Despite this progress, Andrew A. Davis, MD, Robert H. Lurie Comprehensive Cancer Center, Feinberg School of Medicine, Northwestern University, Chicago, Illinois, believes that tumor heterogeneity remains "the biggest challenge across metastatic breast cancer and other histologies."

He told Medscape that selecting the appropriate treatments for an individual patient is complicated by two factors.

One is intratumoral heterogeneity, where there are differences in the genetics and proteomics at different sites within the tumor. This is regardless of whether the tumor is in the primary site or in metastatic sites.

The other is temporal heterogeneity, or changes in the tumor over time, which is influenced by how the patient is treated.

For example, Virginia Kaklamani, MD, leader of the Breast Cancer Program at the University of Texas Health Science Center, San Antonio, said that "estrogen receptor (ER)+ breast cancers may lose their estrogen expression, or HER2- breast cancers can become HER2+".

This is something, she pointed out, that physicians have "known for a little while, which is why we always biopsy metastatic tissue to see whether the metastatic tissue and the primary tissue are concordant."

She continued, "But what we also have figured out is that primary tissue can be heterogeneous; so, one part of it can be estrogen-positive, but it can also have an estrogen-negative clone."

Therefore, when the clinician treats the tumor with antiestrogen therapy, "one of the reasons why the treatment may not be as successful is the fact that...the estrogen-negative clone can proliferate and metastasize and, obviously, kill the patient."

Kaklamani told Medscape that one of the first ways in which this was observed was with HER2, "where you had local laboratories sampling tumors and saying this is a HER2+ breast cancer, and then, in many cases, the central laboratory was unable to confirm the HER2 positivity."

She added, "The thought was that maybe the assays were a little different, but probably the biggest reason for that was that there were different clones in the tumor that were being sampled, and then the HER2 testing was just discordant."

Another example is the use of neoadjuvant therapy for HER2+ breast cancer. When the patients underwent surgery, the residual tumor was found to be triple negative.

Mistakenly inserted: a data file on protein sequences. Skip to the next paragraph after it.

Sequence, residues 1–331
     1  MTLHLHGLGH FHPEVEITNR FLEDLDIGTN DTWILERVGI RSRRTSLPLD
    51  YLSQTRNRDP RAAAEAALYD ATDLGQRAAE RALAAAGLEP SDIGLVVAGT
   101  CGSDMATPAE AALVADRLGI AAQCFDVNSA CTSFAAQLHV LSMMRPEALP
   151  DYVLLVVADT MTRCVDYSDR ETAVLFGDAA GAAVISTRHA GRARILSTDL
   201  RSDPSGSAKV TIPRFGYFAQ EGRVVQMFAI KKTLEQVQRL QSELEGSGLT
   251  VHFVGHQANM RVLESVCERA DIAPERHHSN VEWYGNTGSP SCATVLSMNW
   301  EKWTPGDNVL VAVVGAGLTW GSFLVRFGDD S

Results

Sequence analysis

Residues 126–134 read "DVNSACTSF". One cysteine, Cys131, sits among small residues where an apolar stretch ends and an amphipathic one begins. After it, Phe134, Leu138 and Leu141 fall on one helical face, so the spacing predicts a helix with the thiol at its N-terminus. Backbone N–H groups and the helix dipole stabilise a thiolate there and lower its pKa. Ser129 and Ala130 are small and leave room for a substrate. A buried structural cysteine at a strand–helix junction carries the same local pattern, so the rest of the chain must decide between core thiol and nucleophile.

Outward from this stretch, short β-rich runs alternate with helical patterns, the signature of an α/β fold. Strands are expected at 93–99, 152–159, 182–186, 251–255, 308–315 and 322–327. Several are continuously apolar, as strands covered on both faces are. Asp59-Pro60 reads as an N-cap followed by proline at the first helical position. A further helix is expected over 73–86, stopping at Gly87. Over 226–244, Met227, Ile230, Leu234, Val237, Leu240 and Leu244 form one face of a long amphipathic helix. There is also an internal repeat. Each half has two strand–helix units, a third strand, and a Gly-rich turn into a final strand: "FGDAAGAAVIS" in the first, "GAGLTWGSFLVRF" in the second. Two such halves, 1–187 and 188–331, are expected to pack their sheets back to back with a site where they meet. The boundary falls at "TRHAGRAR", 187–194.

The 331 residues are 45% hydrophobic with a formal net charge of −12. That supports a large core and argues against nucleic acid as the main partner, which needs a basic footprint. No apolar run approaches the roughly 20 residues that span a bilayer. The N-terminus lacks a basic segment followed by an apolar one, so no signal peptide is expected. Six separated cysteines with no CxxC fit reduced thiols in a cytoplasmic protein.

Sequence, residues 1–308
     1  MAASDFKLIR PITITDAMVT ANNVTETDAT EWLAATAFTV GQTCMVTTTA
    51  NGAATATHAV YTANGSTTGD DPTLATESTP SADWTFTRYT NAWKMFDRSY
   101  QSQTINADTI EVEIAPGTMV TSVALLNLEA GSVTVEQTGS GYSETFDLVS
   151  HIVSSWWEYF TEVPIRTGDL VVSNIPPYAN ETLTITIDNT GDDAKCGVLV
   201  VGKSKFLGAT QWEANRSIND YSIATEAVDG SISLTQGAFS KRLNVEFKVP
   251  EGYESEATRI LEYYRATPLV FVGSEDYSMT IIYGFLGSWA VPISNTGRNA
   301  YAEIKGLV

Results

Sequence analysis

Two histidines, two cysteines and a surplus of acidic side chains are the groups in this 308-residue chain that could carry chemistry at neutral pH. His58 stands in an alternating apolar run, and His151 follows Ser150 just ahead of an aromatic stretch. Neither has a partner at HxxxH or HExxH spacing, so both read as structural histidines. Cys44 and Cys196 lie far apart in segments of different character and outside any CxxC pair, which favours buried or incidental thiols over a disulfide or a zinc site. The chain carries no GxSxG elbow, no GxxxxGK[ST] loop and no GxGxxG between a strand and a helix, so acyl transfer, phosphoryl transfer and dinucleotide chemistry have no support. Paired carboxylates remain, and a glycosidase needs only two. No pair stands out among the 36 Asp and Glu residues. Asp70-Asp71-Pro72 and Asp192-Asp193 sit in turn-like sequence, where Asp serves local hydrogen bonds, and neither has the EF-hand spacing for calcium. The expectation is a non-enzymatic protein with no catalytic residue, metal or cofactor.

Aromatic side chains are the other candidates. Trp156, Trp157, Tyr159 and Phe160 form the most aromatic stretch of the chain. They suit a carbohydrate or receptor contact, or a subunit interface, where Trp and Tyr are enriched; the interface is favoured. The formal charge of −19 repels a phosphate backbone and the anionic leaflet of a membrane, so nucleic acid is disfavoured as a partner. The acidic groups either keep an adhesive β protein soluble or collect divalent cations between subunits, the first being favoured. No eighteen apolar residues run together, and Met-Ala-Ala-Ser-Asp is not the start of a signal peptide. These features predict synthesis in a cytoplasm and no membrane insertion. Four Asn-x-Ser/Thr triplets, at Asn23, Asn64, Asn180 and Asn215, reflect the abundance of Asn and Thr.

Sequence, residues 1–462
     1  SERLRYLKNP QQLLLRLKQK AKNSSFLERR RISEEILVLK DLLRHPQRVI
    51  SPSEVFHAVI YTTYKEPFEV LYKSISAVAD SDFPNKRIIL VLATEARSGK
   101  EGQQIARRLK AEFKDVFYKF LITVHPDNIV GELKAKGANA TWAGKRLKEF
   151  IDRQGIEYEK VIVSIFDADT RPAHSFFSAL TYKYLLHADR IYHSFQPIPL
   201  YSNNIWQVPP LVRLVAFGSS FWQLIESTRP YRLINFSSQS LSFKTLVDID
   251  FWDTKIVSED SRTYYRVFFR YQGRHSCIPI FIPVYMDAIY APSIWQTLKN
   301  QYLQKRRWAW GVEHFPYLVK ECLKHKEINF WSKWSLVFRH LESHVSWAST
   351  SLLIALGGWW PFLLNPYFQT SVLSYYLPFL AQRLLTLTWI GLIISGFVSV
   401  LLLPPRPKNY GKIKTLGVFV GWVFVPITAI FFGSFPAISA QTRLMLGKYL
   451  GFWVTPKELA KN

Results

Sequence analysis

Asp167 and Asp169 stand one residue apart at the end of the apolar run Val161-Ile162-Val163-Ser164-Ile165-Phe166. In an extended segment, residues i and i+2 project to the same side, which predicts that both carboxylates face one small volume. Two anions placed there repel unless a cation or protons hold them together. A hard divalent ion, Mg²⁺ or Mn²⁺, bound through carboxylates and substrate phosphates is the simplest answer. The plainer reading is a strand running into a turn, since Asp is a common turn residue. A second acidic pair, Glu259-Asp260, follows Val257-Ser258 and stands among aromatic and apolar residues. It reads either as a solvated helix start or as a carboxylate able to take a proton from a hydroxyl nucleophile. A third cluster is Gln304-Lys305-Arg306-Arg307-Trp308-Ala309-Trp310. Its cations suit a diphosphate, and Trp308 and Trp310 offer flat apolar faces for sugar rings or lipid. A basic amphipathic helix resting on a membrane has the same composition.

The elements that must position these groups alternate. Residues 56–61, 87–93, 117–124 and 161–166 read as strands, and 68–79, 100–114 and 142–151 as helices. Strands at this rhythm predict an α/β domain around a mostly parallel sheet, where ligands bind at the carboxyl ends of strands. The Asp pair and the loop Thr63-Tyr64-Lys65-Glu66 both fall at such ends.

She said, "The question is: Is it triple negative because it lost its HER2 or is it triple negative because there was a clone that was triple negative beforehand and it just wasn't sampled when we did the biopsy initially? I think that that's probably the most likely scenario."

How Can Heterogeneity Affect Treatment?

The effect of breast cancer complexity in practice was highlighted by a recent study showing that, among women expressing low levels of HER2, adding the anti-HER2 drug trastuzumab to standard adjuvant chemotherapy does not improve invasive disease-free survival (iDFS).

While this approach seems counterintuitive, as trastuzumab would be expected to be effective only in those tumors with high HER2 expression, subgroup analyses of previous landmark studies had suggested that the treatment was equally effective in tumors with low and high expression.

However, as reported by Medscape, a randomized study involving more than 3000 patients with HER2-low breast cancer showed that adding 1 year of trastuzumab to standard adjuvant chemotherapy had no impact on 5-year iDFS.

So why was a benefit seen with trastuzumab in the earlier studies? The researchers felt that the most likely explanation was tumor heterogeneity between the locally and centrally tested samples.

An example of temporal heterogeneity in the clinic was shown by Kaklamani and colleagues,[1] who studied 30 women with hormone receptor–positive (HR+) breast cancer, all but one of whom had ER+ or progesterone receptor–positive disease at diagnosis, and subsequently developed recurrence.

"The local recurrence was more likely to be less ER+ and more HER2+ compared with the primary tumor," Kaklamani said, adding, "To me, that's the evolution of resistance. You're selecting the cells that are responding."